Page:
Tips for setting a family budget
Whether you're strapped for cash or have plenty to spare, a family budget is always a good idea. A budget helps you avoid future financial crisis by helping you live within your means. And guess what? It doesn't have to be an exercise in drudgery! Set your goals and save for big-ticket items like college and retirement. While you're at it, go ahead and sock away for a fabulous family vacation, too.
Define your budget goals
Why create a family budget? Two reasons:
- To make sure you'll have enough to cover your family's monthly expenses
- So you start saving now for future expenses
The key to sticking to any budget is to clearly define your goals up front. Are you trying to save for your kids' college tuition, cleaning up your credit so you can buy your dream home or working toward an early retirement? Discuss your family financial goals with your partner, and use that as the motivation to create a realistic family budget that you can live with.
Evaluate current spending
Before you put pencil to paper (or fingers to spreadsheet, as the case may be), take stock of your current spending patterns. For one month prior to setting your family budget, track how much you're spending not only on the recurring expenses like mortgage, utilities, groceries and car payments, but on the extras as well. It's easy to underestimate how much you spend on things like gifts, eating out, clothes and makeup. Use monthly statements to track your credit card and debit card expenses, and keep a notebook to jot down what you're doing with all those $20 bills you take out from the ATM. You might be surprised at how all those small expenses add up!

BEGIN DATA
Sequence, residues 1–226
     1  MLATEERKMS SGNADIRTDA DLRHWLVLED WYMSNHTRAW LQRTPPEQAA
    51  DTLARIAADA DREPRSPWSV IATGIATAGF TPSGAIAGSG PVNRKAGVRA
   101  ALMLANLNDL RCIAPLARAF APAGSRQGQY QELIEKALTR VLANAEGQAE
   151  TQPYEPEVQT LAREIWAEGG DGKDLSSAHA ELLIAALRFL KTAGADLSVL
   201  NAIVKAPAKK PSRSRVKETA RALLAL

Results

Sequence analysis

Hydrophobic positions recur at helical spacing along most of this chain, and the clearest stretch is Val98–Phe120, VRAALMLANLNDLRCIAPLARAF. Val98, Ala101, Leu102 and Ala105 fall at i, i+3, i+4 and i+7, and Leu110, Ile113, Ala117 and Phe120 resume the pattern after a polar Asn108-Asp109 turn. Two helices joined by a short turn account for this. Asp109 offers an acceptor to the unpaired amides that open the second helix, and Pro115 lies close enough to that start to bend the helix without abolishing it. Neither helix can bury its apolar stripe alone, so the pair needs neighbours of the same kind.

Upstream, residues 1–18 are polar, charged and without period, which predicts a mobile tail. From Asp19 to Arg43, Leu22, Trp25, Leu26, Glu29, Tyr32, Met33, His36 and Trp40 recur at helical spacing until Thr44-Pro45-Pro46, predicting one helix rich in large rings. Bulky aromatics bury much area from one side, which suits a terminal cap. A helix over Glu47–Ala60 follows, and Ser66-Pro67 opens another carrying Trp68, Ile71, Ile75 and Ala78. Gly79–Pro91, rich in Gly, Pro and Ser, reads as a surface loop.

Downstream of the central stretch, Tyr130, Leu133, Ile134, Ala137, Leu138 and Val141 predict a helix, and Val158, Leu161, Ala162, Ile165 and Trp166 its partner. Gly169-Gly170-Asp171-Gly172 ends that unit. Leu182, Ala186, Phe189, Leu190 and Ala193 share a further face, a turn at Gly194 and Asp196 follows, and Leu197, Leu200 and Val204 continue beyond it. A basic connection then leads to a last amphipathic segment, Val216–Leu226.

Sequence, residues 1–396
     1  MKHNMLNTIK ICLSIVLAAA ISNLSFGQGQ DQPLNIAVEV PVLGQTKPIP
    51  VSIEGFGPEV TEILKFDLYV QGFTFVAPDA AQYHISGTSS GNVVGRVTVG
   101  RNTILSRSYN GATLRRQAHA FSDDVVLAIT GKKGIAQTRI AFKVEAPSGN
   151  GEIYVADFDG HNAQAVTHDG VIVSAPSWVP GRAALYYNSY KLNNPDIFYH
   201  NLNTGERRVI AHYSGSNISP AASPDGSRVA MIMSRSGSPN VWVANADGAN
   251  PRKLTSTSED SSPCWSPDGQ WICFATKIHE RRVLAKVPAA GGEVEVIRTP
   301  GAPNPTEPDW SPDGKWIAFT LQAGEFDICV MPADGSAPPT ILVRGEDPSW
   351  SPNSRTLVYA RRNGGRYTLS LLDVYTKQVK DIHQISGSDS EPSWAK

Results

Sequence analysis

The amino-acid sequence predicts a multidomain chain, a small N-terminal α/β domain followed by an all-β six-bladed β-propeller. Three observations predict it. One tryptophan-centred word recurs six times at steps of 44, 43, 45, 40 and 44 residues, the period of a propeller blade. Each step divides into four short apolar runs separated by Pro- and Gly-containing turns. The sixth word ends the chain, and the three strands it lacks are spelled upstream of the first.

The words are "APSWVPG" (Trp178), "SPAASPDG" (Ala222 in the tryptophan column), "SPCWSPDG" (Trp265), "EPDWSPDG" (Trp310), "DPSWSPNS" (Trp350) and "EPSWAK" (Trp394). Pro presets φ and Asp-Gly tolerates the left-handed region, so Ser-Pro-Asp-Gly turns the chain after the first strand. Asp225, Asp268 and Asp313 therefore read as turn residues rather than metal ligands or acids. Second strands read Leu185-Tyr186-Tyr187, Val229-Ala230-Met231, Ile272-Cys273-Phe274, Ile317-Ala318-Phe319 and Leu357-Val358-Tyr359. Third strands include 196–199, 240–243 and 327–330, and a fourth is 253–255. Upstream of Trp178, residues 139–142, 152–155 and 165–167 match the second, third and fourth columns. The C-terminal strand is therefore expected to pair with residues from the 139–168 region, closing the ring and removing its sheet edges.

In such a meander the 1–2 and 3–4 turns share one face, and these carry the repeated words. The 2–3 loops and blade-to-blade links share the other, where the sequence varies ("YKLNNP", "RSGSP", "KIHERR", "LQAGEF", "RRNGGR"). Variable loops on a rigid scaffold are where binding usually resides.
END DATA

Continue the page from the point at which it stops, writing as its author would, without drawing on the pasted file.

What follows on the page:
Before divvying up your income to expenses, determine how much you would like to save each month. Make sure you allocate that savings into different buckets, which might include these categories:
- Vacation savings
- Emergency savings
- College savings
- Retirement savings
After you've set aside your targeted monthly savings amount, use the remainder to assign targets for your family's expenses. By paying yourself first, you'll set yourself up for financial success.
Use budgeting tools
Websites like Mint and Buxfer help you view all credit card and banking activity in one place and provide tools to create and track budgets. Both of these sites provide bank-level security for your financial information and feature user-friendly designs that simplify the budgeting process. If you prefer to create your own budget, a quick online search will provide you with numerous options for family budget templates that help you define your family's expenses by category and track monthly spending and saving.
Wall Street Journal columnist Jennifer Openshaw says, "A lot of people will base their budget off of their gross income... You'd be smarter to base it on your after-tax income or your net take-home pay each month."
More on family finances
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